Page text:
My guess is the battery is ok and your replacement starter motor is no good. I’ve had a replacement starter motor not work right out of the box. What I did was take it back, and the store where I bought it had a test-jig to test it. It tested bad, so they refunded my money. No help to me for the time it took me to install and uninstall it though. If all else fails, take the new starter motor back and have them test it for you.

I have had too many problems with Autozone/Advance starters. I only buy Napa now.

So… I didn’t get back to it until this morning. This is pretty embarrassing - I was going to pull the battery out this morning to get it tested when I noticed that I forgot to tighten the connection to the negative battery terminal. So there was enough grounding to run the computer, but as soon as I tried to pull juice it got angry.

Tightened the terminal connector up and she started right away (albeit with a low idle, but a quick throttle body cleaning cleared that up). So, it seems the original problem was indeed the starter, I’m just an idiot. Pretty, embarrassing :blush:

Glad to hear you are back on the road. Thanks for the update.

Your experience is common and very worthwhile to report…basics…basics…

Nice, you fixed the car and learned to double check your own work. Thanks for the update.

@PBSteve Glad you have your car running again. I’ve made similar mistakes. I gave my first car, a 1947 Pontiac a tune up. I replaced the spark plugs, points and condenser. When I tried to start the car, the engine cranked but wouldn’t fire. I checked the point gap and it seemed right. I checked the wires to the plugs, I had them right by the firing order. I had gas at the,carburetor. As I stood staring at the engine, my dad came along and picked up something laying on the front fender. “Does this have anything to do with your problem?”". he asked. He waz, holding the distributor rotor I has forgotten to install. An even dumber mistake was when I overhauled a 2 stroke LawnBoy mowed engine. I put in new piston rings, new magneto points and condenser, and a new needle and seat in the carburetor. When I pulled the starter cord, nothing happened. I checked for spark and it was fine. I,squirted some carburetor cleaner in the air intake and if fired and ran for a second and died. I was about to take the carb apart again when it dawned on me what the problem was… There was no fuel in the gas tank. I filled the tank and it fixed right up.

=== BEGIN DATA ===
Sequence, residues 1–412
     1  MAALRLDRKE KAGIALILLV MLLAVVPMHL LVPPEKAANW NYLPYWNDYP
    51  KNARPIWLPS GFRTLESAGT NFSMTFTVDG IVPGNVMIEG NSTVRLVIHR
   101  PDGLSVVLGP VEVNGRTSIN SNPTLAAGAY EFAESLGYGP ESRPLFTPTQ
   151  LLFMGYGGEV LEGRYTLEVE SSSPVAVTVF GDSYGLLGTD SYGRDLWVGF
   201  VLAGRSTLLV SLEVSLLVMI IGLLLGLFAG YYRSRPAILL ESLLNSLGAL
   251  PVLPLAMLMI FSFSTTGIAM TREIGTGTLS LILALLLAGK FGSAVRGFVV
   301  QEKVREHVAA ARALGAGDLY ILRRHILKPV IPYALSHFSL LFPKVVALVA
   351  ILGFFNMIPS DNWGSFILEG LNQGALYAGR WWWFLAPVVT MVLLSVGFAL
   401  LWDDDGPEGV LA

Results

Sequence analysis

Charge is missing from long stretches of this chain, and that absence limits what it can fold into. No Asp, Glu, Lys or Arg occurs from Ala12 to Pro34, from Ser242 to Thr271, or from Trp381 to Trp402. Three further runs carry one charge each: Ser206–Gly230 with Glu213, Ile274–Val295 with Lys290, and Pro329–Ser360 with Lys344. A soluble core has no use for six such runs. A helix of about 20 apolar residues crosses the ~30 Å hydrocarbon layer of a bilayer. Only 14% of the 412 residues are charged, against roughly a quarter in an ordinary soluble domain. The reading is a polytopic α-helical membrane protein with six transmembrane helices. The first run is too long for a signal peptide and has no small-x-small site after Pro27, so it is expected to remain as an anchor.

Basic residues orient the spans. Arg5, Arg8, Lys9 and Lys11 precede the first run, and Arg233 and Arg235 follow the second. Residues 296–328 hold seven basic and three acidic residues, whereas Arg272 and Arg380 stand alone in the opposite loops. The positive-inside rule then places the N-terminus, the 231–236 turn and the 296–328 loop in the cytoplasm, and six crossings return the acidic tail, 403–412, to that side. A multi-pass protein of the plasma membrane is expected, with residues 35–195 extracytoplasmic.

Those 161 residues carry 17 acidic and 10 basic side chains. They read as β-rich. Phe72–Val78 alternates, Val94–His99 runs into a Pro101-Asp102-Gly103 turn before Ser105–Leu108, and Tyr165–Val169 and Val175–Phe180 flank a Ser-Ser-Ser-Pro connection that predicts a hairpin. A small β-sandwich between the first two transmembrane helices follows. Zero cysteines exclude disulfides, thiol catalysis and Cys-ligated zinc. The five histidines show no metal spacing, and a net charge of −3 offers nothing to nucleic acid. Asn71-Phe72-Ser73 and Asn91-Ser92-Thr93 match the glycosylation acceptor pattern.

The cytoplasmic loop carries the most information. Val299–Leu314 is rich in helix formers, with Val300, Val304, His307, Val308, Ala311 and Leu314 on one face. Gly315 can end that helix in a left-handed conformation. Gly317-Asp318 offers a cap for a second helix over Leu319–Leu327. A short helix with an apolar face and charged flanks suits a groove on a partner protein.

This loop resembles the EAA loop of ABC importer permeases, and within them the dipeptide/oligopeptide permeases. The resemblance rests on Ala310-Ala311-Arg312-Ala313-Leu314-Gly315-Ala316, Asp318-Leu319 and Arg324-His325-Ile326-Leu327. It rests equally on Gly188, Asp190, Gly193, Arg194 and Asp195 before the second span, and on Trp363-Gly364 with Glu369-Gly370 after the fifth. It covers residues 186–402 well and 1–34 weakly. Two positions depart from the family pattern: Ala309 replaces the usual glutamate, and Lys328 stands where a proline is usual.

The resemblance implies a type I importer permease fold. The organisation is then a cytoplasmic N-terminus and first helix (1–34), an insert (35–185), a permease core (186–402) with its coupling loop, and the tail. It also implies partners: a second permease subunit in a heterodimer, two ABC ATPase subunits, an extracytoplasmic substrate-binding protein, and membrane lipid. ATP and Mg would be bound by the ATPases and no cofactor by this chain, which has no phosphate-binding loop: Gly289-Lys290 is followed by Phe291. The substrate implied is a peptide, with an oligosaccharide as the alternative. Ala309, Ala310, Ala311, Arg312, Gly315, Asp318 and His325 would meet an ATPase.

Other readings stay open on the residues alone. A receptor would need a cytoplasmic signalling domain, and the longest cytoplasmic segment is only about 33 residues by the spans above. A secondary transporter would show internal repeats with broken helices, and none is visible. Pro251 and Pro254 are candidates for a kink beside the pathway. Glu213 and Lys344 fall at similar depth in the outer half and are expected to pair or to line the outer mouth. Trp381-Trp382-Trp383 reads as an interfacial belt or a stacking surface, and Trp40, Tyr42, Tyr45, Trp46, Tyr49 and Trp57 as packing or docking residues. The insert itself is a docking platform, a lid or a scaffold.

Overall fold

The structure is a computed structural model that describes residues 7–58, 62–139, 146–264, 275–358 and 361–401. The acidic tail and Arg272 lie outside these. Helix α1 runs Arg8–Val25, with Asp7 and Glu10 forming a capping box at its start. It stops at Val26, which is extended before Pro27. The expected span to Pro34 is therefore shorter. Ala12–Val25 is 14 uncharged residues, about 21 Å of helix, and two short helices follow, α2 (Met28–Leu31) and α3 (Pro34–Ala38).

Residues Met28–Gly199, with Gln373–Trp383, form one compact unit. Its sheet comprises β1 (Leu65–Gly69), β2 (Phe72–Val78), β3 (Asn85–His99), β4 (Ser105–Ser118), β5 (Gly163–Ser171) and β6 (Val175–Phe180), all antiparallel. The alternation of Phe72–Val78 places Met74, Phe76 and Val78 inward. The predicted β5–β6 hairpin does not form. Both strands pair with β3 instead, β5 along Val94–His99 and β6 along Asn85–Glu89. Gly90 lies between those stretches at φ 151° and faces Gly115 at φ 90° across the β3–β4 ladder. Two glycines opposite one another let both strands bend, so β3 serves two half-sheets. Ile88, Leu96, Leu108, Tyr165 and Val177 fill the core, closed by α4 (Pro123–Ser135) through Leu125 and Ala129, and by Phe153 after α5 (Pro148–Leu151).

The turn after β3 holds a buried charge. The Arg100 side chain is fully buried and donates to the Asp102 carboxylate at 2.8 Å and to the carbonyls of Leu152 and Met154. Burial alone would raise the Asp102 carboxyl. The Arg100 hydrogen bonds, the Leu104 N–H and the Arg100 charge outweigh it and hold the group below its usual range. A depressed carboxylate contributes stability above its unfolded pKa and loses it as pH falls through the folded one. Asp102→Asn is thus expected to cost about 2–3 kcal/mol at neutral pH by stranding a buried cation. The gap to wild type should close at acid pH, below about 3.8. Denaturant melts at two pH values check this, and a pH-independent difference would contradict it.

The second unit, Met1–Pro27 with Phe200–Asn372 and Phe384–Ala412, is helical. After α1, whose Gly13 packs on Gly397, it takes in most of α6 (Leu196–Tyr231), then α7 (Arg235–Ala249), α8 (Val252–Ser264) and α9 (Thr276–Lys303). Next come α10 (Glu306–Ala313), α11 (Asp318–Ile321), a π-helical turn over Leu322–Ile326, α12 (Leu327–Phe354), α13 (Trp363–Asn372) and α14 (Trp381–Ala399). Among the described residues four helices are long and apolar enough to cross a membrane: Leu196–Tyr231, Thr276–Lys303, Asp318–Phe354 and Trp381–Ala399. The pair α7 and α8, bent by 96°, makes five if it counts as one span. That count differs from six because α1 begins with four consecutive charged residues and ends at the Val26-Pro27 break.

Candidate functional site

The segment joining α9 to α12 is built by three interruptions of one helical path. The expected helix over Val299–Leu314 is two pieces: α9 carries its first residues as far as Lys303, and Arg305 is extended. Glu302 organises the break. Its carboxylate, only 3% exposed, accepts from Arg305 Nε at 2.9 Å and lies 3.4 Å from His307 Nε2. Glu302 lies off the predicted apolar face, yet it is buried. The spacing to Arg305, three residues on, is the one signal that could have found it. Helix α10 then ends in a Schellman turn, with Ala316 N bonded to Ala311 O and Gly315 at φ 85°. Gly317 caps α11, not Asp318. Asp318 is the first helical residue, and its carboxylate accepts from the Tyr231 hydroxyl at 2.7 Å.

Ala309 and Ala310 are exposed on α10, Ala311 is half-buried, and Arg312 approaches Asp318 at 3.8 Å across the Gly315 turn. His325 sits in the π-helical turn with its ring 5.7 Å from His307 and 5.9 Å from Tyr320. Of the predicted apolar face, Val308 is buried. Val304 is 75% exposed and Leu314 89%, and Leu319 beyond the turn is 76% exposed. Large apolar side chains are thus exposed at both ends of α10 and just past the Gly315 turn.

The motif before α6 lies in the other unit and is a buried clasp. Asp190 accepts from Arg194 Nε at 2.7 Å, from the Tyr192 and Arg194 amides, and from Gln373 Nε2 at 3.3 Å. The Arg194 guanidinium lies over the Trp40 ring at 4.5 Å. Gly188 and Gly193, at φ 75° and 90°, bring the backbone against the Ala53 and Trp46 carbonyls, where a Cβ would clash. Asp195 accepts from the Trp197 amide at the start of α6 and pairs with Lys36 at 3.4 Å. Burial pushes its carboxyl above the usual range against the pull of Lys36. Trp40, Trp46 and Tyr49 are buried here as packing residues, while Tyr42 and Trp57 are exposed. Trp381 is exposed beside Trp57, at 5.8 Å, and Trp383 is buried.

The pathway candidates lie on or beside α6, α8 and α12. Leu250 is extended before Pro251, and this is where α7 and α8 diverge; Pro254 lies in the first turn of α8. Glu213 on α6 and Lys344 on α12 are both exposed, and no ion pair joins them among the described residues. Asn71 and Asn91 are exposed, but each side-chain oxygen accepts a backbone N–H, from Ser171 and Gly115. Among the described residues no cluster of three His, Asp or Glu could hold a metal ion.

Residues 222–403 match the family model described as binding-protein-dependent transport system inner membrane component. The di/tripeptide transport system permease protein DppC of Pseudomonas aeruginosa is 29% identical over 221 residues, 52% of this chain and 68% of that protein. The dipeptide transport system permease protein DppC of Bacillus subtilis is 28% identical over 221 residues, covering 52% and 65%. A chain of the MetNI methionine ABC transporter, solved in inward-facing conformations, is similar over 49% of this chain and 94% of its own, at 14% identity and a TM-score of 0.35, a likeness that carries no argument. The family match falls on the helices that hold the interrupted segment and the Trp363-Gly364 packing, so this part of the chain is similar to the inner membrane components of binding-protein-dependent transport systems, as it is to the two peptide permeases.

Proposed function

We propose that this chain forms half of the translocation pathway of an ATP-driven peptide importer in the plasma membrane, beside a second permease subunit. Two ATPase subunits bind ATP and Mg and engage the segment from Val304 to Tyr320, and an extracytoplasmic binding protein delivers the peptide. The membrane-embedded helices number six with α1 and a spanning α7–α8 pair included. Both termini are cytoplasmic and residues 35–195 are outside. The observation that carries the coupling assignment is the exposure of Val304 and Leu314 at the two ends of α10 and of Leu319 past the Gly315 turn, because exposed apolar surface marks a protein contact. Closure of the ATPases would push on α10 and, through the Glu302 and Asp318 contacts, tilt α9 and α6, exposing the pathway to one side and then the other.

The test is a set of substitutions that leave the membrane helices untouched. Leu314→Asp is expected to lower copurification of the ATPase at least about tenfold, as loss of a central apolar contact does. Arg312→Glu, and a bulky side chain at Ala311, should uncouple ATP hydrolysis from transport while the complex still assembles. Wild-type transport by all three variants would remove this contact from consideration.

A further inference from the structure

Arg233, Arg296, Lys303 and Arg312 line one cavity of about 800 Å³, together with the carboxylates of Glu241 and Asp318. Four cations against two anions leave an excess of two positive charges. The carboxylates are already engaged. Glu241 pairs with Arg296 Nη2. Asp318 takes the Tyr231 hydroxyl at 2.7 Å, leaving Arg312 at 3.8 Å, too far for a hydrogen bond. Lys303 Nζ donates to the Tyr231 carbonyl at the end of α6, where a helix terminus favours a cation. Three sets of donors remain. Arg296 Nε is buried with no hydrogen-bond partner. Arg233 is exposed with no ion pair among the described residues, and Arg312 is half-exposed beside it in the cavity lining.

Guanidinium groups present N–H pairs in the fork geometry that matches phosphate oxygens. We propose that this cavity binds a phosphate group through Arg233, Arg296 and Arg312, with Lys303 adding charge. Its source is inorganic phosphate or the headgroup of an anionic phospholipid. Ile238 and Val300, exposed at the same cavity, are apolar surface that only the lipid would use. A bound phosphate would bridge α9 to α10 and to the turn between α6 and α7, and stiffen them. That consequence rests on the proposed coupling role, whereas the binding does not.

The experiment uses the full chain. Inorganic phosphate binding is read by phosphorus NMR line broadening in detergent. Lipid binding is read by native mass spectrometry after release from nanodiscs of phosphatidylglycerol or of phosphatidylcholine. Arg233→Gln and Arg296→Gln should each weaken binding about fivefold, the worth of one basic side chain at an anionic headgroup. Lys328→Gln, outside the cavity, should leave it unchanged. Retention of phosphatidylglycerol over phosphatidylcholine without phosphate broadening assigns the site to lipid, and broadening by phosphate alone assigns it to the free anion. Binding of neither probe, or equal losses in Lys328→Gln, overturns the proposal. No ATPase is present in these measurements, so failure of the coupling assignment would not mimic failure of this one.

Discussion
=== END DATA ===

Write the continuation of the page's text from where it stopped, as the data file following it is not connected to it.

Glad you got it sorted out without too much pain. Just a short story about how quickly a battery can go to pot.
The very heavy duty battery in my Lincoln is (or was…) 3.5 years old. It’s never been a problem or ever had a hiccup.

About every 6 months I do a load test on it and the last test a month ago showed fine. Two weeks ago I was in a line of several cars at Wal Greens to pick up some meds for the wife and shut the engine off while waiting. I did this a couple of times until the 2 cars in front moved on.
After getting the meds I hit the key and uh… that was it. Barely any dash lights even.

So after pushing it out of the way with some help from the pharmacist (kudos…) I removed the battery and lugged it to the O’Reillys a block away. The battery tested out as totally failed so I lugged a 155 dollar battery back to the WG’s parking lot and got on my way.

The assumption is that the combination of high heat we’ve had here lately and the miles of washboard roads combined to kill it; probably by shaking some plates loose.